Any kind of apple will answer the purpose—more or less; but firm sweet apples, such as the russet, the golden pippin, &c, are best suited for compotes, from the fact that they bear the action of gentle boiling without breaking. Cut the apples in halves, remove the cores with an iron scoop, pare, or turn them smooth, and simmer them very gently in thin syrup with lemon-juice until nearly done through; the pieces of apple should then be carefully removed into a basin,—and after the syrup has been reduced to half its original quantity, it is to be poured on the compote.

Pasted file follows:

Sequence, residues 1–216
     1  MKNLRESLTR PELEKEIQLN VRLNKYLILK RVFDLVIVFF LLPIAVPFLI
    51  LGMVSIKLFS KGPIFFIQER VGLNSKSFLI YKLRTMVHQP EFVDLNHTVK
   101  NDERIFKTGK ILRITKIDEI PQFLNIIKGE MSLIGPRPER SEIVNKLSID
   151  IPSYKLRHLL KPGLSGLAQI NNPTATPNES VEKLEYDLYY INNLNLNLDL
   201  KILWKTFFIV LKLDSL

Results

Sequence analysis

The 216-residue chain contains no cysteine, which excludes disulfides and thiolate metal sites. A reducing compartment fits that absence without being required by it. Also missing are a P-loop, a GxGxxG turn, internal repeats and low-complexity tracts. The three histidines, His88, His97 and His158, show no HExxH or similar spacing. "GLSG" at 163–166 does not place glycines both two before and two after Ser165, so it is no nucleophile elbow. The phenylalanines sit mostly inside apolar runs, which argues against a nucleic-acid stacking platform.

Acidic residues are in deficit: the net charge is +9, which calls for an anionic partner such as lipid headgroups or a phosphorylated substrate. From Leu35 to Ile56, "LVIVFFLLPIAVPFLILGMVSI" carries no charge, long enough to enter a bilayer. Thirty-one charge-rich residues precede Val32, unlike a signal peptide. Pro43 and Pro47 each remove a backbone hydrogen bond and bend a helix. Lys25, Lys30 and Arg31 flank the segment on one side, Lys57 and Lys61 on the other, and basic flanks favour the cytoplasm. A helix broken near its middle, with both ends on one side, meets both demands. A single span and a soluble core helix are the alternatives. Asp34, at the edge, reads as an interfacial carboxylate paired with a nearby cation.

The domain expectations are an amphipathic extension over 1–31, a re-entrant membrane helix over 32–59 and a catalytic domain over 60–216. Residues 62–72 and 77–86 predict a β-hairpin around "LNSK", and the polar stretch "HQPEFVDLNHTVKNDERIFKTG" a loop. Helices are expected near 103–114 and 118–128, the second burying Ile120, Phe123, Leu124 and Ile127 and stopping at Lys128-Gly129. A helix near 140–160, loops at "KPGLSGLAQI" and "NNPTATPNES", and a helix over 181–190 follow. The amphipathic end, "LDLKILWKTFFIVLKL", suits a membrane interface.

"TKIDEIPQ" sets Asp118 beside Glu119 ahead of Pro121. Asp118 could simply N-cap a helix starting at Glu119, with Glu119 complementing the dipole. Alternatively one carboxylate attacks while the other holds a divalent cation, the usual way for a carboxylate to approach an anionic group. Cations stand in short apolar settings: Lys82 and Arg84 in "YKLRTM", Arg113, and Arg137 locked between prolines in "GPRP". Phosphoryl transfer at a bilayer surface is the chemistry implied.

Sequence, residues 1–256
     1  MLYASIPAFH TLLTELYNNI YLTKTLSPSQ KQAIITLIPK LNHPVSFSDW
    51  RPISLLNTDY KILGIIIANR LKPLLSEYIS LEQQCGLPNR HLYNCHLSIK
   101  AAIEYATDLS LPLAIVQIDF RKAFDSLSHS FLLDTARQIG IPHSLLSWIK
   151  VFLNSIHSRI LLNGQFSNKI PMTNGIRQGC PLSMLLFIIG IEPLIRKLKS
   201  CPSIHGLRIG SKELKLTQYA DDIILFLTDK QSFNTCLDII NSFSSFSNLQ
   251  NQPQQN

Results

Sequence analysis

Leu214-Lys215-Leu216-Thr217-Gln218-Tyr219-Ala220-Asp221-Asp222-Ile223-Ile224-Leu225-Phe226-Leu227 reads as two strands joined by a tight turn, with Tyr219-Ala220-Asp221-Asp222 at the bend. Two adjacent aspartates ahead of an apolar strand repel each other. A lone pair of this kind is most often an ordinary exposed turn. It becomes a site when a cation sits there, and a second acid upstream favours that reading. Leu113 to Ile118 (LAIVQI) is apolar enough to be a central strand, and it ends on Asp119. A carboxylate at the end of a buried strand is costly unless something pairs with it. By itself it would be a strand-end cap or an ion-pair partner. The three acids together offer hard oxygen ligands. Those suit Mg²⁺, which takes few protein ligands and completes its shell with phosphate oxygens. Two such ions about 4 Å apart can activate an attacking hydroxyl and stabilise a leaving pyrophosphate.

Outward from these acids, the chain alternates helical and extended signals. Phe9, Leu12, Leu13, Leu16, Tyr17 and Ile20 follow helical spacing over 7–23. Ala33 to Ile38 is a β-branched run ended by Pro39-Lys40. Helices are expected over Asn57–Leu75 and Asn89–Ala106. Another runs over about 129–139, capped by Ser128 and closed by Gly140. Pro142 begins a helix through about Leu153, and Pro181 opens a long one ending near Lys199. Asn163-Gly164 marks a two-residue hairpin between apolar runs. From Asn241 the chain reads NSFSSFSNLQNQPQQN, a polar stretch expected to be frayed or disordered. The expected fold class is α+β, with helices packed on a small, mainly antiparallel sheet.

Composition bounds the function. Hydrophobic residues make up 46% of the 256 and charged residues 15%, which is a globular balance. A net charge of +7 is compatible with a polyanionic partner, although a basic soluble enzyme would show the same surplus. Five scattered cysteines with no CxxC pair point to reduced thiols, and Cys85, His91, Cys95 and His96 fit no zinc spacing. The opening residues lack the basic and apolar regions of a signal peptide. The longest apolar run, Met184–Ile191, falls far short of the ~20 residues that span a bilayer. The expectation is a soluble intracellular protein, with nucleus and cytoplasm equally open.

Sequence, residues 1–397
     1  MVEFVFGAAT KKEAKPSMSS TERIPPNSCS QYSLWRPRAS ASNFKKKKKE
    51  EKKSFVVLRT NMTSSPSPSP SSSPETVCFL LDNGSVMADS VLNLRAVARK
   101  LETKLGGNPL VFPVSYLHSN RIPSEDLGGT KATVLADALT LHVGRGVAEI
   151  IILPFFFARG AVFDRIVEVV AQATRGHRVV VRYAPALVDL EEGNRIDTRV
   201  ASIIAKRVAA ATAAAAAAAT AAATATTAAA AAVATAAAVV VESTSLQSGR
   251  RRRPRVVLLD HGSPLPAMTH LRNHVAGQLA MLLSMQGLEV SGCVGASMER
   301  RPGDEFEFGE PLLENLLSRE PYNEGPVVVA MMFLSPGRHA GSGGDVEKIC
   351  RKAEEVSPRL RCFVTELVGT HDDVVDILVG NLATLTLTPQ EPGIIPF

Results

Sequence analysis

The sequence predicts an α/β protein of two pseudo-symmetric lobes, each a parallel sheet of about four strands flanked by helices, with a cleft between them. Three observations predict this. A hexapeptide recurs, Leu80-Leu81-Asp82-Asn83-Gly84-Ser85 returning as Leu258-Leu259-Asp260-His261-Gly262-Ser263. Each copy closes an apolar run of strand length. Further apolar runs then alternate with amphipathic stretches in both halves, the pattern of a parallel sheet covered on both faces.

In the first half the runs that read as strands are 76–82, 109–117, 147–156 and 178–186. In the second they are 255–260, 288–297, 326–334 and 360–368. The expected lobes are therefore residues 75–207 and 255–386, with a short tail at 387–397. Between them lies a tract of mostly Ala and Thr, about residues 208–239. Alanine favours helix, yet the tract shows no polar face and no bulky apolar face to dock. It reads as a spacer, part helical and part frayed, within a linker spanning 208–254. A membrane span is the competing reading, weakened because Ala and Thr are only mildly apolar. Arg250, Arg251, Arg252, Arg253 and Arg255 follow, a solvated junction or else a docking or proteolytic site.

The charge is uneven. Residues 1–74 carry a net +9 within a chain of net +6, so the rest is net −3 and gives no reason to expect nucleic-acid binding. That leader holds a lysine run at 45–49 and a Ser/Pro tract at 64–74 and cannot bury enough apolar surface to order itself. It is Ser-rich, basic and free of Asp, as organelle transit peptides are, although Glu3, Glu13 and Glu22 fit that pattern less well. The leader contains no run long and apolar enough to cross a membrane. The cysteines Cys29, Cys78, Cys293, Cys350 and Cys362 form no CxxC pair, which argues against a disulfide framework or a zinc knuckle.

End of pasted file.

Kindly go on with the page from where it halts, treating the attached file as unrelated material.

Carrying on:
When about to dish up the compote, place one piece in the centre, and surround it with other pieces; decorate their surface with light designs cut out from angelica, preserved cucumber, any kind of red jelly, yellow pine, chinois, orange, &c, and just before sending to table, pour the syrup lightly over. It is also customary to cover compotes with circular sheets or nappes of apple jelly, cast in plates, and removed by the aid of the fingers. See Apple Jelly, No 998